Medvedev on New START: New Weapons Should Also Be Discussed, But US is Unwilling

© Sputnik / Yekaterina Shtukina / Go to the photo bankThe deputy chair of the Russian Security Council, Dmitry Medvedev
The deputy chair of the Russian Security Council, Dmitry Medvedev - Sputnik International
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In early June, a top US opposition lawmaker, Senator Bob Menendez, announced that he introduced a bill to immediately extend the New START treaty and restrict President Donald Trump from undermining the last remaining major strategic arms control regime with Russia.

The deputy chair of the Russian Security Council, Dmitry Medvedev, said he was "extremely sceptical" about the extension of the New START nuclear arms treaty because of Washington's position on the matter.

"I am extremely sceptical about this because of the US stance. It is not constructive at the moment," Medvedev said in an interview with the KP publishing house released Thursday.

"For the treaty to be effective, it needs to be upheld by all parties. At the moment, I do not see the US to be willing to extend the New START. Maybe something will change in their position, we would like that," Medvedev said.

Russia, for one, is ready to prolong the treaty without any conditions, the deputy chair of the Security Council said.

"But no, they set out a host of new conditions, in particular, regarding other countries joining, which makes the extension almost non-viable. This is bad," Medvedev said.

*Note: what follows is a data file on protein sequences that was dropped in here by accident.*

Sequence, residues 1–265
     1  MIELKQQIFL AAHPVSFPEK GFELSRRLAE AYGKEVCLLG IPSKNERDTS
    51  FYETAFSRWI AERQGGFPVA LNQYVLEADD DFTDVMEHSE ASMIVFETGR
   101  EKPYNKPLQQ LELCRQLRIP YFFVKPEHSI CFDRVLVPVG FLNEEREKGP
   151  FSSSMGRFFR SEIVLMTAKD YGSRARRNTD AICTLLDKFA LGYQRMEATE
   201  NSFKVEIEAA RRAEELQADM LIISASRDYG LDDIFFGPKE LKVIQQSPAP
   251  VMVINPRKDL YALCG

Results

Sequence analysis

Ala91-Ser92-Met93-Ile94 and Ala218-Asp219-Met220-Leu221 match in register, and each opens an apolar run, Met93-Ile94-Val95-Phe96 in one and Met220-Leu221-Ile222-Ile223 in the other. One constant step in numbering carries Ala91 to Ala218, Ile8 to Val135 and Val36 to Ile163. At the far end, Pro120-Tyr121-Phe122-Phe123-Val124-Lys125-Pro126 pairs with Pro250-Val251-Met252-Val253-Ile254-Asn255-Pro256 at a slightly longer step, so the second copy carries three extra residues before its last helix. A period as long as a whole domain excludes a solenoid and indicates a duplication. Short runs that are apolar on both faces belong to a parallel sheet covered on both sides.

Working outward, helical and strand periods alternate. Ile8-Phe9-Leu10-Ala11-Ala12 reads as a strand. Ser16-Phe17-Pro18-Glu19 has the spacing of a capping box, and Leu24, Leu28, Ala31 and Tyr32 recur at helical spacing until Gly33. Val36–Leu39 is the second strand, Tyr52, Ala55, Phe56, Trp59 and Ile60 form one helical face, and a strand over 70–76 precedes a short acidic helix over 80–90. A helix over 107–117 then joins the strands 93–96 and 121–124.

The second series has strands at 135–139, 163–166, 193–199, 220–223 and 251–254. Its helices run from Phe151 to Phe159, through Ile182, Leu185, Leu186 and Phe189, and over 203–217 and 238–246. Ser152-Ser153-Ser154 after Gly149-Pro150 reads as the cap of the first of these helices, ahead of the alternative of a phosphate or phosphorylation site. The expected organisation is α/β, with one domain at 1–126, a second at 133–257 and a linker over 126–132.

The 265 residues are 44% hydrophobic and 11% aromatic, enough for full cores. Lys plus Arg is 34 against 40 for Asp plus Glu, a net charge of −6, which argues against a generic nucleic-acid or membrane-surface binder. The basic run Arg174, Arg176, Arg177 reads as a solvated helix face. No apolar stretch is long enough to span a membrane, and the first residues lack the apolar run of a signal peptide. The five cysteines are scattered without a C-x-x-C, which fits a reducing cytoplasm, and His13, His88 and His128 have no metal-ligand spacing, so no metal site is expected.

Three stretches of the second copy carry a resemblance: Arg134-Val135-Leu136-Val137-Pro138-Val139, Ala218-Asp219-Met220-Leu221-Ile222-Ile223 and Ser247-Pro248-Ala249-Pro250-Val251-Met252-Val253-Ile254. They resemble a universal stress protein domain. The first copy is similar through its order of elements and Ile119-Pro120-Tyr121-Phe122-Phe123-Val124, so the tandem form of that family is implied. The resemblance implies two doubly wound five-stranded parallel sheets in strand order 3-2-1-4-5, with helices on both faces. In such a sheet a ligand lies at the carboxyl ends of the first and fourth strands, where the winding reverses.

Speaking further on the New START treaty, the senior official stated that new types of weapons should also be discussed, but the United States appeared unwilling.

"New types of arms emerge that should also be discussed. But there needs to be a will to do that. And I haven't seen this will in the US at all so far," Medvedev said in an interview with the KP publishing house released Thursday.

A common hypersonic glide body (C-HGB) launches from Pacific Missile Range Facility, Kauai, Hawaii - Sputnik International
Moscow Will Not Press China to Join US-Russia Arms Control Talks, Russian Ambassador Says
If the United States continues to boost its nuclear arsenal, Russia will have to "take symmetrical or asymmetrical decisions to neutralize those capacities in some way," Medvedev said.

The arms reduction treaty, signed in 2010 by Medvedev, who was the Russian president at that time and his then-US counterpart Barack Obama, is set to expire in February next year.

The US has been insisting that China should join Washington and Moscow on nuclear talks. Beijing has said it is not interested.

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